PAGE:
Statement of Senator Patrick Leahy In Memory of Ambassador Robert E. White
Mr. President, on January 13, 2015, the country lost one of its most courageous diplomats, Ambassador Robert E. White. He was 88 years old.
I knew Bob White, who graduated from my alma mater, Saint Michaels College in Vermont, in 1952 – nine years before I did. I admired him greatly.
He had the qualities that every American diplomat should possess: outstanding intellect, unimpeachable integrity, extraordinary courage, and a devotion to the ideals and values of his country.
In the 1980s during the civil war in El Salvador, the United States steadfastly supported the Salvadoran army despite abundant evidence that some of its elite units were functioning as death squads, arbitrarily arresting, torturing, and murdering civilians suspected of supporting the FMLN rebels.
Unlike some other U.S. officials who turned blind eyes to the heinous crimes that were being committed in the name of fighting communism, Ambassador White refused to remain silent.
He publicly condemned the Salvadoran military and their right-wing backers who were implicated in atrocities like the assassination of Archbishop Oscar Romero and the massacre of four American church women.
For speaking out, Bob White paid dearly. He was ridiculed by conservatives in Congress and summarily removed from his job by then-Secretary of State Alexander Haig.
A January 15th obituary in the Washington Post describes Bob’s life and career. As I was reading it I could not help but wonder how things might have turned out differently if the powers that be during the 1980s had listened to him.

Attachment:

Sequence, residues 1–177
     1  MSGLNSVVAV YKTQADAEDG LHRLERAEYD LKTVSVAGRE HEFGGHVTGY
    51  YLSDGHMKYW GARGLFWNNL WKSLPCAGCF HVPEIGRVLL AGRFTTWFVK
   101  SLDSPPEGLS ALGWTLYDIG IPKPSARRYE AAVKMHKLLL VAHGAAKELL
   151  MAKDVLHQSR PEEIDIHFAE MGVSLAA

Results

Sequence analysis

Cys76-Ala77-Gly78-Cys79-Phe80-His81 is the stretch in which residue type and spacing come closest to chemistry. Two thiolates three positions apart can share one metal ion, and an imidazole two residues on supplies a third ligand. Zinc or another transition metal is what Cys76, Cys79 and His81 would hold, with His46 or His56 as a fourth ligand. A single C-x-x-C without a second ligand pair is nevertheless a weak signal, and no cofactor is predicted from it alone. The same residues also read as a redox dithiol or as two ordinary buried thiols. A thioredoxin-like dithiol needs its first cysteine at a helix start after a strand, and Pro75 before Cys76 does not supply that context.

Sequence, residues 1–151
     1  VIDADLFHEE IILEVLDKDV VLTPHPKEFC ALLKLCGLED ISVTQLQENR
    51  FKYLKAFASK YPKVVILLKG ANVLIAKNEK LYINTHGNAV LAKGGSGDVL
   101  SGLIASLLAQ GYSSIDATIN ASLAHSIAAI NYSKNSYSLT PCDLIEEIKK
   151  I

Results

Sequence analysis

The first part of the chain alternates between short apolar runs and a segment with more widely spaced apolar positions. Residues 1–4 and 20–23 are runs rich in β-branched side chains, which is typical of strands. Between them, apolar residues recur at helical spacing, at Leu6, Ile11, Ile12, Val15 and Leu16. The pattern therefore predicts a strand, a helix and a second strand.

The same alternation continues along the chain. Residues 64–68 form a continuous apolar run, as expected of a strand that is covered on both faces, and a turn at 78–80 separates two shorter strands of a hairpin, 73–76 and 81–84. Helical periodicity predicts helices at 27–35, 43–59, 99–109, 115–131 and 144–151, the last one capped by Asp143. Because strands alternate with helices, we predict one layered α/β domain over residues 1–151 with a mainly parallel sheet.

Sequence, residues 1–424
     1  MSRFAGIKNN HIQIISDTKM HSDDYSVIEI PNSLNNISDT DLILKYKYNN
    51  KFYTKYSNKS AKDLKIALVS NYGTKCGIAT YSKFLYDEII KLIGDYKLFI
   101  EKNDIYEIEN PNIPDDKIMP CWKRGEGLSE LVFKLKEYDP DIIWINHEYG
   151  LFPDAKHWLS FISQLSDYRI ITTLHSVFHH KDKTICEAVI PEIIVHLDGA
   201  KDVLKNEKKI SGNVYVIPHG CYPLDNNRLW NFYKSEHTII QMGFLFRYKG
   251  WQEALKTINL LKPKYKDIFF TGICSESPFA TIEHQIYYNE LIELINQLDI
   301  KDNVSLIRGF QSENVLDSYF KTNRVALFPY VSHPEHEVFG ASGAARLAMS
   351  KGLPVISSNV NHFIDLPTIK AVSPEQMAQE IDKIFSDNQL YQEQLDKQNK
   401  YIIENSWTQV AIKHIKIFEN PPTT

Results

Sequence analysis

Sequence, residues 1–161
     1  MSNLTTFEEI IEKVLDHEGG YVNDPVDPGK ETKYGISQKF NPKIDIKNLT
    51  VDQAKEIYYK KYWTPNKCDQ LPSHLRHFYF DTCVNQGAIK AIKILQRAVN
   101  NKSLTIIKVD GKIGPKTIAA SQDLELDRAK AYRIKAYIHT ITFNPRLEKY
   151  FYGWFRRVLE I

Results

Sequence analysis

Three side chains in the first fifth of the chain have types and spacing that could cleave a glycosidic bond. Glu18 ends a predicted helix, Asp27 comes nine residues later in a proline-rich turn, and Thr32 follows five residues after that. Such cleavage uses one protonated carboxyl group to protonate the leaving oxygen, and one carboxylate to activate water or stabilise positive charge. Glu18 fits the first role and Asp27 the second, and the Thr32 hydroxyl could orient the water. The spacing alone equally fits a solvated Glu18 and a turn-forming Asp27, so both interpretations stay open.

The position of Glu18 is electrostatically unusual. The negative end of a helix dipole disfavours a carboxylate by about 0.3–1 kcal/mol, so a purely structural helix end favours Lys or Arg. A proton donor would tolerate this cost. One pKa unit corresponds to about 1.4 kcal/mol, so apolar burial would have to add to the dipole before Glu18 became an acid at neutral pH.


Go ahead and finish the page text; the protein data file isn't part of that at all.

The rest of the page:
How many lives might have been saved if the Reagan Administration, rather than firing Bob in 1981, had recognized the truth of what he was saying and instead supported negotiations to end the war in El Salvador?
Instead, the war dragged on for another decade, costing the lives of many tens of thousands of people, mostly civilians. The tide only started to turn in 1989 after the cold-blooded murder of the 6 Jesuit priests, their housekeeper and her daughter, at the University of Central America – a crime that top-ranking army officers tried to cover up.
It was thanks to the late Congressman Joe Moakley and his then-staff aide, and now a congressman, Jim McGovern; Bill Woodward; and Salvadoran investigator Leonel Gomez, whom I also came to know and respect, that the plot was uncovered and the killers identified.
During this time I talked often with Bob and learned even more about those involved. After talking with him I went to El Salvador and met with that country’s chief investigator. As he described the so-called investigation it just confirmed Ambassador White’s suspicion. I told the Salvadoran investigator and press that they were conducting an obvious cover-up.
As I left El Salvador it was so obvious that rather than shamelessly removing Ambassador White from his post, how much better things might have been if the State Department had recognized him for the true patriot that he was, and treated him as an example of what other U.S. diplomats should emulate.
After leaving the Foreign Service, Bob went on to head the Center for International Policy where he continued his advocacy for human rights, defending the ideals and championing the causes he believed in, right up to his death.
I would like to think that all of our Foreign Service Officers aspire to follow in the footsteps of Bob White. I hope they will learn from his example. If they do, the United States will be better served and the world will be a better place.
I ask unanimous consent that the Washington Post obituary, and an article about Ambassador White by Margaret O’Brien Steinfels in Commonweal Magazine, be printed in the Record.
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David Carle: 202-224-3693
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